Those sent packages included: Obama in Washington, Clinton in suburban New York, Rep. Debbie Wasserman Schultz in South Florida, the Westchester County, New York, residence of philanthropist and Democratic donor George Soros, along with CNN and the two addressed to Waters.
New York Gov. Andrew Cuomo announced he was deploying 100 National Guardsmen to mass transit systems across the state in light of the threats and to help people feel safer as federal authorities attempt to find a motive and the person or people responsible.
The FBI said Wednesday afternoon the five original packages were mailed in manila envelopes with bubble wrap interior.
"The packages were affixed with computer-printed address labels and six Forever stamps. All packages had a return address of “DEBBIE WASSERMAN SHULTZ” [sic] in Florida," the agency said in the statement.
The packages were taken to the FBI lab in Quantico, Virginiafor examination.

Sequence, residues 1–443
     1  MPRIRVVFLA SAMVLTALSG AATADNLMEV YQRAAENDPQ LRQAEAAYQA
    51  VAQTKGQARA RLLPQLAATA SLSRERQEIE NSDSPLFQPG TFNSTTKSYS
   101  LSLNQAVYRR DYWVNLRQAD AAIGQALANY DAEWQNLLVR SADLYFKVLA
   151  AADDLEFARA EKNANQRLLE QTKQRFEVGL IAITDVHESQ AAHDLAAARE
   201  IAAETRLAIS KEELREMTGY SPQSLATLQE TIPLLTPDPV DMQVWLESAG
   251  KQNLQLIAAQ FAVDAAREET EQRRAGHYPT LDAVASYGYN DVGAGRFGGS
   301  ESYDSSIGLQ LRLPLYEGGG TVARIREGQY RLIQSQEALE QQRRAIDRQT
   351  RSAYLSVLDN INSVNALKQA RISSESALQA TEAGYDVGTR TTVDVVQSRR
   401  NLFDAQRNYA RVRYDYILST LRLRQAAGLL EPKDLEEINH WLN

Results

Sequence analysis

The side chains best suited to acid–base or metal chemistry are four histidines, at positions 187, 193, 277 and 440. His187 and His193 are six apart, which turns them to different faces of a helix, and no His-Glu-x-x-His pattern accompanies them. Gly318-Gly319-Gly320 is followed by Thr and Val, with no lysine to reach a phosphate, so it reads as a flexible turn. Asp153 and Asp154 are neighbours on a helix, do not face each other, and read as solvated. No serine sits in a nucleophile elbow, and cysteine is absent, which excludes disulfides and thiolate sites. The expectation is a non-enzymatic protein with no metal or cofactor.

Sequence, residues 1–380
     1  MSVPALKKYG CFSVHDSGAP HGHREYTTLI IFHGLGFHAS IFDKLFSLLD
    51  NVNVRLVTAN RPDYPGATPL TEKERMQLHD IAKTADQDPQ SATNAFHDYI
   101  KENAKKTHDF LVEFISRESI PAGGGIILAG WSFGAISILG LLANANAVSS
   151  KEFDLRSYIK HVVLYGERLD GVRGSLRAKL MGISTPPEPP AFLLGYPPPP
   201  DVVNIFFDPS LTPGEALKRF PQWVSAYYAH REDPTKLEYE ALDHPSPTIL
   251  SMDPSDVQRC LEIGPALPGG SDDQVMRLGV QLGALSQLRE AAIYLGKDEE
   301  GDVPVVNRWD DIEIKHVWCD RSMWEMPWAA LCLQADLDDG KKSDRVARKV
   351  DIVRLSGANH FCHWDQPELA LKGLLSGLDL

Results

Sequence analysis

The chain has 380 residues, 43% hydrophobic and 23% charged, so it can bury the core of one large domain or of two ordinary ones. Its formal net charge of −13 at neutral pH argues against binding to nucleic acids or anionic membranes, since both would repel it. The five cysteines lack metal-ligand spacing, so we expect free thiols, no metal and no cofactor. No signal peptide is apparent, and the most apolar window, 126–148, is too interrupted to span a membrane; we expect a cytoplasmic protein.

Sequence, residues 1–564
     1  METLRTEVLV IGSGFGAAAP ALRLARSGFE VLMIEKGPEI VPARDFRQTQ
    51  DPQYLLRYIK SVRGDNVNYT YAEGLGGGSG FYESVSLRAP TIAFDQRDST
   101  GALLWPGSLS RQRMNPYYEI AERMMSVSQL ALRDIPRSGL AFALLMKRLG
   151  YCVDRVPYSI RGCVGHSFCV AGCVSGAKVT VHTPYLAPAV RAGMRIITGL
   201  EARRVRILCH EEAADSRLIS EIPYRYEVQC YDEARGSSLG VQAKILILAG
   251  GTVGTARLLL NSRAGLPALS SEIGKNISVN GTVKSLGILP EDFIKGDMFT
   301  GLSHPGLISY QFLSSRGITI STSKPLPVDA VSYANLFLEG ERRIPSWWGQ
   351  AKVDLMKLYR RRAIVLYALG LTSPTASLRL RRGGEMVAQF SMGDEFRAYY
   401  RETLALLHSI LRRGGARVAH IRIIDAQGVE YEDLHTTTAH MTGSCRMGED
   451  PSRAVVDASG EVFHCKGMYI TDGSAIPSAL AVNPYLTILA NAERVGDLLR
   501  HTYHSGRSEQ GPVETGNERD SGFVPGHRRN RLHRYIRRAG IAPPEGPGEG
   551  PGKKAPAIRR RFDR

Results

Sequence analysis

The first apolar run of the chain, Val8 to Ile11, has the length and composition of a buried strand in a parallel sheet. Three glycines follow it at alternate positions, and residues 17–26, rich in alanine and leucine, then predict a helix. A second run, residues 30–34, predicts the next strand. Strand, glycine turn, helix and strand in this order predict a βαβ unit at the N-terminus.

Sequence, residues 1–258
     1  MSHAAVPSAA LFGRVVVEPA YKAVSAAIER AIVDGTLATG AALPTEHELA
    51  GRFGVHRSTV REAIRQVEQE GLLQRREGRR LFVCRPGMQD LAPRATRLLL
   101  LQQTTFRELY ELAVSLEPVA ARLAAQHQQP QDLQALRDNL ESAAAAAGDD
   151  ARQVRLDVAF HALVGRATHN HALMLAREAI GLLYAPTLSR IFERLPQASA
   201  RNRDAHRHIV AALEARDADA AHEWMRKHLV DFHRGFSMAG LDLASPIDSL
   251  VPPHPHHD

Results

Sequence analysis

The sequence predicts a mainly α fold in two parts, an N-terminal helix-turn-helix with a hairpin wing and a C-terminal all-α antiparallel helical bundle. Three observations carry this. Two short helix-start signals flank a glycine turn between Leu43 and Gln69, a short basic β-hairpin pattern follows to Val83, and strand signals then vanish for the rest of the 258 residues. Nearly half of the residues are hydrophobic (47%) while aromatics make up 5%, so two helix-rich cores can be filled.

"So far, the devices have been what appear to be pipe bombs," NYPD Deputy Commissioner John Miller said in a mid-day news conference Wednesday in Manhattan.
The joint terrorism task force is working with FBI field offices to search for other suspicious packages. Authorities began looking after the first two arrived, and New York police were at CNN when that package was discovered.
All of the recipients identified have been high-profile targets of President Donald Trump, leaving all eyes on what the president's message would be at a rally Wednesday night.
Throughout Wednesday, many of the president's critics placed blame on his rhetoric, which they say incites violence. Obama's former top political strategist David Axelrod asked in a tweet what tone the president planned to take at a campaign rally in Mosinee, Wisconsin, Wednesday night "given the serial bombs that were delivered to several of his favorite verbal targets?"